A magnificent day of coastal walking with wonderful views to Raasay and Torridon. Note that much of the walk today is not on paths so you will need the ability to navigate with map and compass.
We recommend that you don't do the walk in bad weather/visibility due to the exposed nature of the path. In bad visibility the way may also be difficult to see so good map reading and compass skills are essential.
*** This route provides a diversion around the 2017 landslide on the tree-lined coastal slopes just after leaving Portree. The path is closed until the surface can be stabilised.***
The landslide diversion means that the path begins in Portree; to avoid walking on the minor road to Torvaig begin in Somerled Square, Portree and follow a path out of town to Torvaig to rejoin the route.
From Torvaig farm follow the coastline, with steep drops down to the right, on a vague grassy path to reach the trigpoint on the highest point of the coastal ridge (Sithean Bhealaich Chumhaing) to be rewarded with fantastic views. Follow the coastline north towards the The Storr Lochs Dam (Loch Leatharn Dam) car park crossing moorland, all the while with views of The Old Man of Storr ahead.
Your taxi will meet you at the end of the walk either at The Storr dam car park or The Storr car park. Please see your accommodation sheet for the transfer time and place, and call the transfer partner directly within plenty of time to arrange an earlier/later time if this doesn't suit.
We recommend taking a good camera/smartphone with you on this route because the views are certainly worth capturing. The vista towards The Storr and Trotternish Ridge ahead is spectacular, as is the outlook over the cliffs and the sea on your right.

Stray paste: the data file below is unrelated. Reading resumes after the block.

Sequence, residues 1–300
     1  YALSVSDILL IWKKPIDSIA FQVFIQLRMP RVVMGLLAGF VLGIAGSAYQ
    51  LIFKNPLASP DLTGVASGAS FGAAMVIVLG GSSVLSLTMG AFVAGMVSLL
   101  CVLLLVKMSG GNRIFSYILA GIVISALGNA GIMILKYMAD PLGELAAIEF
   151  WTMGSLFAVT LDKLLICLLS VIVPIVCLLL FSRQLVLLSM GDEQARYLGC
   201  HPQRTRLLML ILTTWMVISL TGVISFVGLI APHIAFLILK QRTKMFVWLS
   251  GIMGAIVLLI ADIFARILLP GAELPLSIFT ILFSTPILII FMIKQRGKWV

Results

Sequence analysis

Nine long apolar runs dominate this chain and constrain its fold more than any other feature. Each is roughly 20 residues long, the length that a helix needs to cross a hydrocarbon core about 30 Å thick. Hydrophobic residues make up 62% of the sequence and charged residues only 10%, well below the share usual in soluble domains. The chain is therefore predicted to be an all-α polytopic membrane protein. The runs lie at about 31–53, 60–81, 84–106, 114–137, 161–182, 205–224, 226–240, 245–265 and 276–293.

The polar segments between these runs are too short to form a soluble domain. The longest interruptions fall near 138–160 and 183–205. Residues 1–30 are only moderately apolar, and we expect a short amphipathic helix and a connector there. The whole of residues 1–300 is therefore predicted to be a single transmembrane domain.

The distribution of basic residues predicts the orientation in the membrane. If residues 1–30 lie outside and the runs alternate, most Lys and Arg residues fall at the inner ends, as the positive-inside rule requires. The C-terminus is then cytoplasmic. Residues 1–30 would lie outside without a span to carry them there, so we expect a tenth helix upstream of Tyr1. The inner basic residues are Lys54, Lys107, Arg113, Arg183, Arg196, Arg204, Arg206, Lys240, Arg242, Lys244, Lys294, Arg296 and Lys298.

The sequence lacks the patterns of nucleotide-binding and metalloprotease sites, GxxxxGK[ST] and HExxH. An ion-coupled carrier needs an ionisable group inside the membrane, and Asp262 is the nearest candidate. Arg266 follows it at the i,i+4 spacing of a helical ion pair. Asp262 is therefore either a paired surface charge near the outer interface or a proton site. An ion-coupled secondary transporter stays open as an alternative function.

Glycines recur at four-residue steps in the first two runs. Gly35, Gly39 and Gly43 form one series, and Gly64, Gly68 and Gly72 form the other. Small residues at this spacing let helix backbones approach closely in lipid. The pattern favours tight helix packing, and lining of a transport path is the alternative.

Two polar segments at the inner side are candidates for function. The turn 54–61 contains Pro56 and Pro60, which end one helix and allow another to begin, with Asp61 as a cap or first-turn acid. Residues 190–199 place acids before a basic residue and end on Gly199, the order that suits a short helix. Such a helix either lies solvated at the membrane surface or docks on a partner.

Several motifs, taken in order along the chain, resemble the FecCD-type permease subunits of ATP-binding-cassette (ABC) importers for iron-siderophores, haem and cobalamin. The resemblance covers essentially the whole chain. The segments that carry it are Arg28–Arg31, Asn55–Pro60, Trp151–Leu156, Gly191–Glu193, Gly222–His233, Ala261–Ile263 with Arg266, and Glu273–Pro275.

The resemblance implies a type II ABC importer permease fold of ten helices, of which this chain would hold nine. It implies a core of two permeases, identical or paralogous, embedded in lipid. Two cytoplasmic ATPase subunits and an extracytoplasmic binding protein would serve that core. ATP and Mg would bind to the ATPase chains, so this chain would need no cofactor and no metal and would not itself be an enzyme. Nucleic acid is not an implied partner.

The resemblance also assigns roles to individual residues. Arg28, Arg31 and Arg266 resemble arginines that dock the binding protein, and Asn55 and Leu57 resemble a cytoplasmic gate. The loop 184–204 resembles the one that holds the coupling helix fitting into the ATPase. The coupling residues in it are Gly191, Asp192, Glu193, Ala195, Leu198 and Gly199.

We recommend that you don't do the walk in bad weather/visibility due to the exposed nature of the path. In bad visibility the path may also be difficult to see so good map reading and compass skills are essential.
The route is pathless, boggy and rough for the final 3 km before the dam; preceeded by excellent cliff-top walking with steep ground to the right. The path descending from the cliff tops is indistinct and again is steep in places. The cliffs are exposed and there is no shelter on this walk; food and water, and warm/waterproof clothing is required.
The majority of the route passes over rough ground on a very faint path. After rainfall the route can be boggy underfoot so we recommend wearing waterproof hiking boots. You may also like to use walking poles as these can help by taking some pressure off your knees on steep slopes, or help with balance when the ground underfoot is rough or slippery. The path is exposed to the elements - the weather on Skye can be variable all year so make sure you have waterproofs, warm layers and a hat, buff/scarf, and gloves with you. There are no places to eat along the way so make sure to bring a packed lunch, snacks, and plenty of water (at least 2 ltires).
Points of Interest
The Old Man of Storr
All along this route, looking north, you'll be able to see The Storr. It is the highest point on the Trotternish Ridge, the longest known geological landslip in Britain, which exposes the innards of an ancient landscape sculpted by volcanic activity. Below The Storr is The Sanctuary, home to the extraordinary rock pinnacles the Old Man of Storr and Needle Rock. This landscape is so unique and alien in appearance that Hollywood film director Ridley Scott used the Trotternish Ridge as a filming location for his science fiction film Prometheus.
Portree is the charming town from which you'll depart to begin the route. It is the island's capital, and with it's colourful waterfront and many cafes, shops, restaurants it is a great base from where to explore the Isle of Skye.
Food & Drink
There's a Co-op supermarket in Portree where you get a picnic lunch and snacks for the walk before setting off. There isn't anywhere to eat on this remote walk so do take enough a water for an entire day's walk. You will pass plenty of cafes, shops and restaurants on leaving Portree.